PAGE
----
Accelerator Swarm offers start-ups crypto-currency funds

SwarmBitcoin 2.0 Platform Swarm, ‘the world’s first’ distributed accelerator that allows companies to raise funds by issuing their own crypto-currencies, is taking applications from UK crypto-currency startups for its new accelerator programme in London.

The 12-week programme will focus on helping startups grow their businesses through a combination of peer-to-peer mentoring, technical assistance and access to resources designed for startups in crypto-currency and its surrounding ecosystem. Continue reading

Africa e-commmerce giant Jumia comes to London

jumia_londonAfrica’s largest online retailer Jumia has opened in London, its first office outside the continent meaning people from the UK can order online to send gifts to family and friends in Africa.

Based in Nigeria, the company is now bringing its raft of products to the UK with an online store that allows relatives to order online in the UK, pay in pounds, and send their goods for just ₤3 to their ‘loved ones’ doorstep in Nigeria within one to eight days’. Continue reading

Palestine, an app, Spermania and Father’s Day

spermaniaTo celebrate Father’s Day, a VC-backed Palestinian games developer Pinchpoint has launched its first major title, Spermania.

I’m sure you know where this is going, but anyway. The game is apparently a challenging, but hilarious game in which a sperm swims past obstacles to fertilise an egg… and is a ‘salute to all of us who have won the race.’ Continue reading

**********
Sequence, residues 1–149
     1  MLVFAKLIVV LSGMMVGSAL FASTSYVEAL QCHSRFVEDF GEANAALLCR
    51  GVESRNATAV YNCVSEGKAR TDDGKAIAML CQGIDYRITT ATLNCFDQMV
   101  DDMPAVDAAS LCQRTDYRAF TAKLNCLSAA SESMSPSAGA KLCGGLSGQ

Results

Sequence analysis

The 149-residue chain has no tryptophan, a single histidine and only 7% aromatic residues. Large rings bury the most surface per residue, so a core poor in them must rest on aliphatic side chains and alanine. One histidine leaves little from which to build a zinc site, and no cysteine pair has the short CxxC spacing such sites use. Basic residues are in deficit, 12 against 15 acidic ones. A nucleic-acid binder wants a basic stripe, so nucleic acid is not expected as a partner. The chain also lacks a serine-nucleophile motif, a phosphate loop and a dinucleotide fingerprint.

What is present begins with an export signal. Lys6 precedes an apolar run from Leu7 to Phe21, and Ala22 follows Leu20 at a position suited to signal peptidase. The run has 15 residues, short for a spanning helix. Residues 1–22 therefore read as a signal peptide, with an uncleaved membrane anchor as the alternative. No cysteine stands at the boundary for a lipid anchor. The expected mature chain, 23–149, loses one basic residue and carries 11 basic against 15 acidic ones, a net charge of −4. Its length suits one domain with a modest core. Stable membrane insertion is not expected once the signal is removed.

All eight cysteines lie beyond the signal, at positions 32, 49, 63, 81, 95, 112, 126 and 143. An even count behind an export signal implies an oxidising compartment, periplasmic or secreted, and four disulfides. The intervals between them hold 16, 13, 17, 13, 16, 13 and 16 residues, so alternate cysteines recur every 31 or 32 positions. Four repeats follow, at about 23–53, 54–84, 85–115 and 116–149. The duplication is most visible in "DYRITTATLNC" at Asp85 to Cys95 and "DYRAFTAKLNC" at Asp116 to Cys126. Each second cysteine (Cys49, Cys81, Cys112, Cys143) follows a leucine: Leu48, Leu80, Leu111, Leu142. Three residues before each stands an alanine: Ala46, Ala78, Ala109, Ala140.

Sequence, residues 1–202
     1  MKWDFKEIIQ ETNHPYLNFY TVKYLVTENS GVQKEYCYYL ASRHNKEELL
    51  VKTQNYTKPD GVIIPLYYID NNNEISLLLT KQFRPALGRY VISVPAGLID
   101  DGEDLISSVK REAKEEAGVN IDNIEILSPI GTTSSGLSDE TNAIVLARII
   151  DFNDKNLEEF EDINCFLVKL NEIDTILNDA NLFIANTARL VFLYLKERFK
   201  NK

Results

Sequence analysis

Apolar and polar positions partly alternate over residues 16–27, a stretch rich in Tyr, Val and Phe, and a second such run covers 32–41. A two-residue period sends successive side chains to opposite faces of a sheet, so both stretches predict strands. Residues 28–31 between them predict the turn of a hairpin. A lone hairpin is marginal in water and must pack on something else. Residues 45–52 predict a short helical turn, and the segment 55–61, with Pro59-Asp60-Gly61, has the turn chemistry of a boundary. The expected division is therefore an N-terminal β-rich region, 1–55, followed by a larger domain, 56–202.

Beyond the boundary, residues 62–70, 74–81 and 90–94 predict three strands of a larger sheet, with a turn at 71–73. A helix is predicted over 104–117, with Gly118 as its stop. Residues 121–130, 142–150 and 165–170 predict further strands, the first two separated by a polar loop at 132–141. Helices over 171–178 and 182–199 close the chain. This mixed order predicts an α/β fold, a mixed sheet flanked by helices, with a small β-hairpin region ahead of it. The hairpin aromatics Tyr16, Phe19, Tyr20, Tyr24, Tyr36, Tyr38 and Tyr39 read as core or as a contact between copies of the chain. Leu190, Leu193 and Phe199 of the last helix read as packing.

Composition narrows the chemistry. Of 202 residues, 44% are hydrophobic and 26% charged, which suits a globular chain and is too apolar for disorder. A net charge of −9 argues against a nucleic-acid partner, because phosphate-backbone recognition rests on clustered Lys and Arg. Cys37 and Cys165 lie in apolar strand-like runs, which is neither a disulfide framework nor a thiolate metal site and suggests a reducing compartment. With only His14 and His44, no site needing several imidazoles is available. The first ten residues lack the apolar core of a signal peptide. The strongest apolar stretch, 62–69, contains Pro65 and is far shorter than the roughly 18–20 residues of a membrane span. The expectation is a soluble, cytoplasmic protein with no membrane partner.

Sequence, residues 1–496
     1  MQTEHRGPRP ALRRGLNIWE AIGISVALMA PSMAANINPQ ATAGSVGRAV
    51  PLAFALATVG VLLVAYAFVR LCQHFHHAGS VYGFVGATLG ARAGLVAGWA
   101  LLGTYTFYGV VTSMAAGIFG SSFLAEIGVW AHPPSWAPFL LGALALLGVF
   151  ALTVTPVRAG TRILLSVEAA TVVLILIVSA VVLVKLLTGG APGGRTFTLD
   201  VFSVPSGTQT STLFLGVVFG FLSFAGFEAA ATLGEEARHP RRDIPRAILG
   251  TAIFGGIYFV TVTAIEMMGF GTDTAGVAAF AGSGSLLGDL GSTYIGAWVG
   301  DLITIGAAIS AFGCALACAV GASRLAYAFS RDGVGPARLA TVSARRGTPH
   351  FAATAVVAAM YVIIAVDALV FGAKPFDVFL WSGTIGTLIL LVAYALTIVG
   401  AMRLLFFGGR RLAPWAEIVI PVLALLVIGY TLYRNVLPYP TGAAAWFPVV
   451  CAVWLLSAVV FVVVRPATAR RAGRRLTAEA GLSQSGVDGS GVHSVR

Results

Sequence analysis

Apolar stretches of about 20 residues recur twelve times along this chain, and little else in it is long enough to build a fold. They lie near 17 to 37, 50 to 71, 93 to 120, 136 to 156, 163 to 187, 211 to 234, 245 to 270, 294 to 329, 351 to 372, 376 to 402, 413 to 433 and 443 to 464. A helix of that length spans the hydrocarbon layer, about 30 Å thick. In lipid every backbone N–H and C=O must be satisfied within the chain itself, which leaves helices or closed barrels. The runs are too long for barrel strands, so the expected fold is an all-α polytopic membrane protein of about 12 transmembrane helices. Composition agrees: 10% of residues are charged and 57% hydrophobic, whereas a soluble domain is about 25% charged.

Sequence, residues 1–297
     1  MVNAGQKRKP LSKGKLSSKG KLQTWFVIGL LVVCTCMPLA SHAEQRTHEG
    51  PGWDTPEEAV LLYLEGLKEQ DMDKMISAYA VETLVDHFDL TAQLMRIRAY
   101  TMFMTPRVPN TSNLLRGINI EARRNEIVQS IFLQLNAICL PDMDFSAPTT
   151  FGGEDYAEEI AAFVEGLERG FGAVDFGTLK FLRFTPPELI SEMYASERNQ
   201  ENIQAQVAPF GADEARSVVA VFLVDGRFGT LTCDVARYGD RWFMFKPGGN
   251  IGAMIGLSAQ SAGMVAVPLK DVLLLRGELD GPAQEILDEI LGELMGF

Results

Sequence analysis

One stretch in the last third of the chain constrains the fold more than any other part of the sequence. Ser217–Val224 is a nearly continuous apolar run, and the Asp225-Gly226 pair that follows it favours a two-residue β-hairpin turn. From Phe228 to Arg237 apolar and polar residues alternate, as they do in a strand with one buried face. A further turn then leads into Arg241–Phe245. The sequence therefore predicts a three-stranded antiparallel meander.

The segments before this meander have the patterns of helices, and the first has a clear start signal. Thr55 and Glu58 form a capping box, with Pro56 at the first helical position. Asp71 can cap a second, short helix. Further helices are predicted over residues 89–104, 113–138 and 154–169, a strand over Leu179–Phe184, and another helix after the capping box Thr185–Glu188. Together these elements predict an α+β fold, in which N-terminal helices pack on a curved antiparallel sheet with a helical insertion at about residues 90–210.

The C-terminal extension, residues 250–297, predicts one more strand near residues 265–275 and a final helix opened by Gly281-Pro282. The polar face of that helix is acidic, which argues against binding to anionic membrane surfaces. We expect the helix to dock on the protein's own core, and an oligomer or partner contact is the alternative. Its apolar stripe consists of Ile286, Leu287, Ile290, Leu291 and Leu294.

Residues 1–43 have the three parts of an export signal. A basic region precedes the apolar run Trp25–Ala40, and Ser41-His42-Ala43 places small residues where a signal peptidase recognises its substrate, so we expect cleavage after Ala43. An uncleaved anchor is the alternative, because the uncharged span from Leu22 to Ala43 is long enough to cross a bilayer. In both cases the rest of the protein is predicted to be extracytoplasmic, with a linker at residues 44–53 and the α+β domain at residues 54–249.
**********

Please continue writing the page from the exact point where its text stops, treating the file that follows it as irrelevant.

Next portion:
Remember Maradona, the coke and the vuvuzela?

vuvuzela_maradonnaWe all remember Maradona and his cheating limbs, who probably played every match coked off his head until he finally got caught.

Wouldn’t it be wonderful if he would be remembered for this picture, hoovering up a pile of cocaine with a vuvuzela, thus defining a corrupt man whose whole career was based on stupidity, vanity and some white powder that made him a better player than he ever really was.

Mobile money fails with Afghani rozzers

afganistan_policeMuch is made of the M-Pesa mobile payment platform in Kenya, where 32% of the country’s GNP is transacted in this way, and now is apparently becoming successful in Romania but nowhere else.

Such hysteria is understandable, but there are other fails. Four years ago, a pilot scheme began in Afghanistan where the Police force were paid via M-Paisa, similar to the M-Pesa platform. Initial results were impressive, the corrupt middle man was taken out and Police officers saw an immediate rise in their net salaries. Continue reading